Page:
Let’s get to the meat of the problem.

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Posted in: Acupuncture, Homeopathy, Medical Ethics, Science and Medicine, Science and the Media

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Bravewell Bimbo Eruptions

This is yet another response to the recent “Integrative Medicine in America” report published by the Bravewell Collaborative. Drs. Novella and Gorski have already given that report its due, so I won’t repeat the background information. Inevitably, I’ll cover some of the same points, but I’ll also try to emphasize a few that stand out to me. Most of these have been discussed on SBM over the years, but bear repeating from time to time. Let’s begin with:

If it Ducks like a Quack…

Misleading language is the sine qua non of ‘integrative medicine’ (IM) and its various synonyms. The term itself is a euphemism, intended to distract the reader from first noticing the quackery that is its distinguishing characteristic. As previously explained, Bravewell darlings Andrew Weil and Ralph Snyderman, quack pitchmen extraordinaires, recognized nearly 10 years ago that if you really want to sell the product, you should dress it up in ways that appeal to a broad market.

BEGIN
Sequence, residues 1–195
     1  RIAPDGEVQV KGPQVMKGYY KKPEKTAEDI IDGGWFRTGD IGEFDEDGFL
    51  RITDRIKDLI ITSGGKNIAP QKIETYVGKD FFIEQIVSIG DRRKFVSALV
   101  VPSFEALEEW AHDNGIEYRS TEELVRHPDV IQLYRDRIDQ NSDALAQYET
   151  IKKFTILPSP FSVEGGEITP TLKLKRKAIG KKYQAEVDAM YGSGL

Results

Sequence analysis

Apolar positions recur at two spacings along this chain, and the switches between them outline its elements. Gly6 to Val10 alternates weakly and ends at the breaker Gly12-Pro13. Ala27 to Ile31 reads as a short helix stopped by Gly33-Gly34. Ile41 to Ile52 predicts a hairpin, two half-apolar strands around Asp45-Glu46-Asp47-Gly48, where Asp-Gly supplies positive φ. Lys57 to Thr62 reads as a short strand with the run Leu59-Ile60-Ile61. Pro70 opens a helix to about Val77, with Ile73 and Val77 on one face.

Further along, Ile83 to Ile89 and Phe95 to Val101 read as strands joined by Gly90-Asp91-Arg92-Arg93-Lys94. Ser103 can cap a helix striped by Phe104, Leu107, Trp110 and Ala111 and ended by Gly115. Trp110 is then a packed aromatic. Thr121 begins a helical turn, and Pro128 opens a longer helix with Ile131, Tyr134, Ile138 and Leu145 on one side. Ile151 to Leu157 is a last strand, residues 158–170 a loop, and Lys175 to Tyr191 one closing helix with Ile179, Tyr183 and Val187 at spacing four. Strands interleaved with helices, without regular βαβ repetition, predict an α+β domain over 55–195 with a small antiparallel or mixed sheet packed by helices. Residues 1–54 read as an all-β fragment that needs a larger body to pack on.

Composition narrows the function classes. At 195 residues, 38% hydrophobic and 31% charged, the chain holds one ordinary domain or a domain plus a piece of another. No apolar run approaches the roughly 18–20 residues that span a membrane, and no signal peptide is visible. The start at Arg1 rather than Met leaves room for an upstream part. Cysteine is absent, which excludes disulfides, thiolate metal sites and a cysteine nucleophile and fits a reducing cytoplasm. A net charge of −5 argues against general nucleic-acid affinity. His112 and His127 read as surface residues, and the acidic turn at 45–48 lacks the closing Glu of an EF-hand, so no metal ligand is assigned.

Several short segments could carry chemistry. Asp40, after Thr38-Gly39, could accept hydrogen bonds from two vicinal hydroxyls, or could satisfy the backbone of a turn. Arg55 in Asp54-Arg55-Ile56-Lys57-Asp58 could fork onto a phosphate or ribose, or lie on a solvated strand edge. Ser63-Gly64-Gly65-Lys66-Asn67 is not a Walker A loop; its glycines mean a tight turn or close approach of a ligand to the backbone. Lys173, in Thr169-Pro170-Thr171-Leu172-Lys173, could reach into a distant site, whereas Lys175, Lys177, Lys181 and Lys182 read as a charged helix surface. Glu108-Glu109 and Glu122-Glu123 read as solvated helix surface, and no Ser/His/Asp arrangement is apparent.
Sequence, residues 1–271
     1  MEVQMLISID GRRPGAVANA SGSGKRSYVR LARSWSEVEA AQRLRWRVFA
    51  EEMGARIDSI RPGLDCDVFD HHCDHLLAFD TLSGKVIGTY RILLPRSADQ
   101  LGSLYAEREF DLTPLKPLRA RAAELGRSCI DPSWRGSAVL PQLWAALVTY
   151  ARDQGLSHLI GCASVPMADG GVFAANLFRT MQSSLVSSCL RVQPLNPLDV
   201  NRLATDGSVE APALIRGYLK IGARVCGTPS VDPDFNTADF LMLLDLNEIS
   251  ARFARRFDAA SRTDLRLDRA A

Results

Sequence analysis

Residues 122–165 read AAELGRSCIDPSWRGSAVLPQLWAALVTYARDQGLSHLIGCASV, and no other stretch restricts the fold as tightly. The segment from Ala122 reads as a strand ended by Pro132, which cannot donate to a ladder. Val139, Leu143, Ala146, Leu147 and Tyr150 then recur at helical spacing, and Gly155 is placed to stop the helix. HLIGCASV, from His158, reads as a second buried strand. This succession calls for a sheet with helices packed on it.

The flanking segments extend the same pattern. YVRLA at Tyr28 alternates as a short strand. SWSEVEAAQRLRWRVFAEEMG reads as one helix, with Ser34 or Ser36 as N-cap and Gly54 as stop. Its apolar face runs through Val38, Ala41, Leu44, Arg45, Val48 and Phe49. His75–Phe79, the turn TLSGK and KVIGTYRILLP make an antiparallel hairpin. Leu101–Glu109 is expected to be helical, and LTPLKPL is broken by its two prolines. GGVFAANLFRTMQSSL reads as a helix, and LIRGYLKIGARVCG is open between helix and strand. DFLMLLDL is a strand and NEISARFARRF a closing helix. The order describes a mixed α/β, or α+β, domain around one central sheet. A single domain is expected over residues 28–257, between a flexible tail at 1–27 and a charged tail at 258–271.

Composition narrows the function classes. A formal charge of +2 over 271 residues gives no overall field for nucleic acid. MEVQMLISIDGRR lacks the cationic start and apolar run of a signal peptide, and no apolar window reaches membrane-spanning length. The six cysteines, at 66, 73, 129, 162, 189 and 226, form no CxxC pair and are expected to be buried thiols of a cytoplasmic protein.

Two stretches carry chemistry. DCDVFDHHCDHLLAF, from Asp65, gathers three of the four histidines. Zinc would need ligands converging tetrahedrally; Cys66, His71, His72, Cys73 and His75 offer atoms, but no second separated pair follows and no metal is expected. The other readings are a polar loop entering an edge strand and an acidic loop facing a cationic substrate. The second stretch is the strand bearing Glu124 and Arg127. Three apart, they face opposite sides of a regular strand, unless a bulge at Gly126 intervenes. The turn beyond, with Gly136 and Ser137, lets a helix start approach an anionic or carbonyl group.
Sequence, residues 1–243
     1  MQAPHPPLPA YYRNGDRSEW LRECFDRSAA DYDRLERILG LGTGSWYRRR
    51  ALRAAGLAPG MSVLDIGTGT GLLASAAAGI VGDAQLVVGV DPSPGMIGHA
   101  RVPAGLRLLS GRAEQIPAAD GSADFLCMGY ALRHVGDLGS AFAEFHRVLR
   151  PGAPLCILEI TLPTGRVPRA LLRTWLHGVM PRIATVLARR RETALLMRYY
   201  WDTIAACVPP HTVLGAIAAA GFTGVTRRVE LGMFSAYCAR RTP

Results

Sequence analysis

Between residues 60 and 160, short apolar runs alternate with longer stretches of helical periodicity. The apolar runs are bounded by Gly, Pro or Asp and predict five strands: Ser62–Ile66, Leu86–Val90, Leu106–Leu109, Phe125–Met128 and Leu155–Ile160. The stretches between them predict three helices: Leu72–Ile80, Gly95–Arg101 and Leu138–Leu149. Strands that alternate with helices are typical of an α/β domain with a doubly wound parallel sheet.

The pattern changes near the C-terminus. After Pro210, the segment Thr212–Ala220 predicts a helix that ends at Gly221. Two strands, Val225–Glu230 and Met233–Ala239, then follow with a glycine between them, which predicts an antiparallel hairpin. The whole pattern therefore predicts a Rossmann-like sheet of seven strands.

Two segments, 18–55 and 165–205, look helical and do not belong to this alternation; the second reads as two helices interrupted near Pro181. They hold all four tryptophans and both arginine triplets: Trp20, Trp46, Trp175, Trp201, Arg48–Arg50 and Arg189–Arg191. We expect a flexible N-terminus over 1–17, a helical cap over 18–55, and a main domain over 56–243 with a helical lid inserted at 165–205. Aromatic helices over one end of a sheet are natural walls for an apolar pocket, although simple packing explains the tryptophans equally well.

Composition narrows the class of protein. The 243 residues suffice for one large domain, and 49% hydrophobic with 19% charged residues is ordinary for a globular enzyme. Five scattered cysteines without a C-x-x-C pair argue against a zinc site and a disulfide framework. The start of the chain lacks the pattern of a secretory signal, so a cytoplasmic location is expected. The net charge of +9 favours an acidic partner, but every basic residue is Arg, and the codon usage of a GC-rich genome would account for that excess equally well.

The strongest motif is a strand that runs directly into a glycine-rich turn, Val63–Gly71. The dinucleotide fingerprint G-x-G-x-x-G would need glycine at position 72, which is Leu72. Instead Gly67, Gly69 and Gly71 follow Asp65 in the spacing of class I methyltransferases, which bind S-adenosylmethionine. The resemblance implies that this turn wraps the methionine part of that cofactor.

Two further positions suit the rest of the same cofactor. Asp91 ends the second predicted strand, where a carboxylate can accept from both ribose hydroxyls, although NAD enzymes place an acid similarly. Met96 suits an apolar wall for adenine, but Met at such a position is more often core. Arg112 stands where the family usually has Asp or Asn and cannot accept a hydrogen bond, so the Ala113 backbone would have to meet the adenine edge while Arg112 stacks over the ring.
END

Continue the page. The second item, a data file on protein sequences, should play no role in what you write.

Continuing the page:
Let’s see how this is done in the latest report. Here is the very first sentence:

The impetus for developing and implementing integrative medicine strategies is rooted in the desire to improve patient care.

Who would disagree with improving patient care? (Try not to notice the begged question). Here’s the next paragraph (emphasis added): (more…)

Posted in: History, Medical Academia, Medical Ethics, Politics and Regulation, Science and Medicine, Science and the Media

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What is Science?

Consider these statements: